I mistook some things for what they are. I remove myself almost to none on account of them not needing to be there. I think of the future and what effects can relate back. I want to be less, than more. Social media is powerful, always be careful how you use it, especially as you grow
The situation got worse when they came back to her apartment after and someone put on music. An advert interrupted during a moment when I was the person nearest the laptop, and so somebody said to me—quite threateningly, I felt—Put something else on. Obviously I forgot every song I have ever heard in my entire life. In one swift tug, like the tablecloth trick where everything is supposed to remain on the table gone wrong, every name of every artist disappeared too. The only keywords I could think of were the ones on a toy keyboard-and-tape-recorder combo I'd been given as a child, and I hadn't known their meaning even then. Bossa nova, for example. I said I couldn't think of anything, any music, except silence, and retreated to the corner of the room, pretending to busy myself by scouring the bookcase there, which held little gatherings of figurines as well as Mizuko's many books.
Steffy risked a glance at her fellow neighbors and townspeople. She often looked for kindred spirits in the crowd. None were ever found. Just once, she wished to see someone trying to hide a smile, a snicker, or plain sighing at the absurdity. The rowdy outcasts among the community were not welcome in the church. They knew better than to show their faces.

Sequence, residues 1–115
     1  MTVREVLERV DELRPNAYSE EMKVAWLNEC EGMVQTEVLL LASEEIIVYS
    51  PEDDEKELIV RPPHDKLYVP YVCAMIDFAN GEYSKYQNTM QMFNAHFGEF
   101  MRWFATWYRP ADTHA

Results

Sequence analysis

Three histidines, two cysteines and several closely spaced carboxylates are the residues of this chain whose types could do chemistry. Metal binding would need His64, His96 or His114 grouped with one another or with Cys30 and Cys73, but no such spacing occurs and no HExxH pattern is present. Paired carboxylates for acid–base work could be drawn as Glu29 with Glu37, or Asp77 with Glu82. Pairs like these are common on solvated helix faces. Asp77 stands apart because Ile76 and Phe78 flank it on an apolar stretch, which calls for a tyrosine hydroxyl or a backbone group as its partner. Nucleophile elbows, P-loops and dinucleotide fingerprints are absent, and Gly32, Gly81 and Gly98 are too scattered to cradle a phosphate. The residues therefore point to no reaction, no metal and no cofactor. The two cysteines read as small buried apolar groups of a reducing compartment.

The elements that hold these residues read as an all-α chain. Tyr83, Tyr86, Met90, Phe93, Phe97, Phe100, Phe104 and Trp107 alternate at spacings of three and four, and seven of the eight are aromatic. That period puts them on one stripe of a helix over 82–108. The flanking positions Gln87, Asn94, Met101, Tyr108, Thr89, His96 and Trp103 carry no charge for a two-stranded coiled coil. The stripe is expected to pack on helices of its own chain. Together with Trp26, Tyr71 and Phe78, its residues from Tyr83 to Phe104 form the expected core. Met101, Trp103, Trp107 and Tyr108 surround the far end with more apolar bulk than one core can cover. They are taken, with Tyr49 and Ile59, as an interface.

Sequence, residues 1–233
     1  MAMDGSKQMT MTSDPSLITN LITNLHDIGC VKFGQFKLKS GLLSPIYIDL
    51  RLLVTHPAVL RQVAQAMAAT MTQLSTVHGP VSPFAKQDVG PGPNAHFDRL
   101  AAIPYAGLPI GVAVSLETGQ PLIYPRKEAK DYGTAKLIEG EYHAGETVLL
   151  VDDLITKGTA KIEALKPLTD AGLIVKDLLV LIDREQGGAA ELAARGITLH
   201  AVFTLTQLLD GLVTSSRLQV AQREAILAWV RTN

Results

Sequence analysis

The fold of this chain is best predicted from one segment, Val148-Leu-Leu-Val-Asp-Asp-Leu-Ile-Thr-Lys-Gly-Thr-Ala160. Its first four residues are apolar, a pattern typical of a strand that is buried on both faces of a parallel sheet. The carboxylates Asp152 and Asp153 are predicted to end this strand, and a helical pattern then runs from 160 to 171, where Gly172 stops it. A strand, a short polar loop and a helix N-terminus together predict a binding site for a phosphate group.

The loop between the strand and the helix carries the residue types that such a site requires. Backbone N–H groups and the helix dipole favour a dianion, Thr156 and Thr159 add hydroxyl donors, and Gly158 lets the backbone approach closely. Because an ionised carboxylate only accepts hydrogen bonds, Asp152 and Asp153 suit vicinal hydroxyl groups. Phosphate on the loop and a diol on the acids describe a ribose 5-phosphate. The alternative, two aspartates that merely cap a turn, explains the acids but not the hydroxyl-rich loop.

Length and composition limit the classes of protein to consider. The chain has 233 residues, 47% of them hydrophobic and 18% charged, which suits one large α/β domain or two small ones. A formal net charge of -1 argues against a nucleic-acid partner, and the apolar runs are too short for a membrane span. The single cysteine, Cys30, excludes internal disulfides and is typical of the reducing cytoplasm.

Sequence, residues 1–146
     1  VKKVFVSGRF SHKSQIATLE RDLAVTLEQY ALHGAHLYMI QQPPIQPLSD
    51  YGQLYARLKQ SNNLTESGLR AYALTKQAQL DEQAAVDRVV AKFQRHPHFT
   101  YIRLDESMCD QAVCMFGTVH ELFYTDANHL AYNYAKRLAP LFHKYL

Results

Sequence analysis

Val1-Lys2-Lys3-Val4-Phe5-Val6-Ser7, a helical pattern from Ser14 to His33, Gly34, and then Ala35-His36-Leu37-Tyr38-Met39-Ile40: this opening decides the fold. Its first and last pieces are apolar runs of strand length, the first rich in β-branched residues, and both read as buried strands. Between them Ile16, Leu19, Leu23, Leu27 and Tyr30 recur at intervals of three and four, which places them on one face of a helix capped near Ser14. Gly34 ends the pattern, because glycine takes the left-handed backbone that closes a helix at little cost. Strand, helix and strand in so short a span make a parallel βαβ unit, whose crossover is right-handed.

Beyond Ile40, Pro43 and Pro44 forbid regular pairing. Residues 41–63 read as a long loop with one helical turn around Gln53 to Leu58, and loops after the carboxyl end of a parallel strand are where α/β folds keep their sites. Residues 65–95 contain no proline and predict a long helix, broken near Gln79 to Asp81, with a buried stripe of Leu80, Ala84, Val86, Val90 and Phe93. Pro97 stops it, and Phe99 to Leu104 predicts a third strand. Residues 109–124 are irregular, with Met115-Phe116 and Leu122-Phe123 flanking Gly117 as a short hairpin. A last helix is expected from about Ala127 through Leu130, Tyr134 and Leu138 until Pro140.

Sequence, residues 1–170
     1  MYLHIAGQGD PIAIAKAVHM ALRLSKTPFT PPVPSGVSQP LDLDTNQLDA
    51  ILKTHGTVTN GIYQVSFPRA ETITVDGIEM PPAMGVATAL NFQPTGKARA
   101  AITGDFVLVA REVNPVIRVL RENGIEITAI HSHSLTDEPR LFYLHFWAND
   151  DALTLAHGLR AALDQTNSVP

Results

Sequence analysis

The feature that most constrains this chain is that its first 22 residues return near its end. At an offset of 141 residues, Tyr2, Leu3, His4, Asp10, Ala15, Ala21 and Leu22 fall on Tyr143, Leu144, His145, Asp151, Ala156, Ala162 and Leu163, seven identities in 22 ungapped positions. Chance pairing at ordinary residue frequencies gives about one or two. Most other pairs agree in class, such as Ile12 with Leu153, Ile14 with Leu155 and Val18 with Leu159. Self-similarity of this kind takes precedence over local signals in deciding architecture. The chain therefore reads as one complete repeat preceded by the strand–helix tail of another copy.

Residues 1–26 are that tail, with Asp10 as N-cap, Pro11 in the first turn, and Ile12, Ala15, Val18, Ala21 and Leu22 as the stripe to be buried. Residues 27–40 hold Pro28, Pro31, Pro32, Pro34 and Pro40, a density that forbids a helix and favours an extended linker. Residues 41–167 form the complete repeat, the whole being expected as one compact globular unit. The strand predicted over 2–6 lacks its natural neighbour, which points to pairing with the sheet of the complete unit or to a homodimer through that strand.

I wanted to just sink into my media downloads for a while and pretend I didn't exist.
- If it helps, I used to have a hard time knowing what to do around other people so I watched them and learned to mimic them. If you don't have to be on point, I would interact the minimal amount. If you don't interact at all, people notice and you stand out, and if you're socially awkward and interact too much, people notice too much, people notice that too. But if you speak up now and then in a conversation, of infrequently agree to hang out, poeple will lose interest. It might be harder for you, but that's one thing that works for me." "- Lfe was easier when I was just expected to shoot people.
I am often upset when I meet a person again.
Fear has become normal and is covered by the idea of “patriotism”.
Pain Waves are the sea's white daughters, And raindrops the children of rain, But why for my shimmering body Have I a mother like Pain? Night is the mother of stars, And wind the mother of foam— The world is brimming with beauty, But I must stay at home.
Never hate social hierarchies
It’s weird how we have to get a little older to realize that people are just people. It should be obvious, but it’s not.
We are citizens who love to fake life than dig deep into our reality to discover the truth and make amends and correct our own wrongdoings, because we are reluctant to learn from our past.
The thing about hiding out like this was that it did get boring, every once in a while. It occurred to Gabby to wonder if possibly she was missing something great. For all her bravado, it bothered her sometimes, that she couldn't make herself do what seemed to come so naturally to everyone else.
What unified the Balochis in their quest to regain self-determination, which resulted in the ‘existing state’? On the one hand, authoritarianism, militarization, and conquest has robbed them of their history and put them into the do or die situation. On the other hand, natural resources which would allow the citizens at large to achieve a respectable existence have been controlled by the military or political elites, well connected to feudal political elites in Pakistan.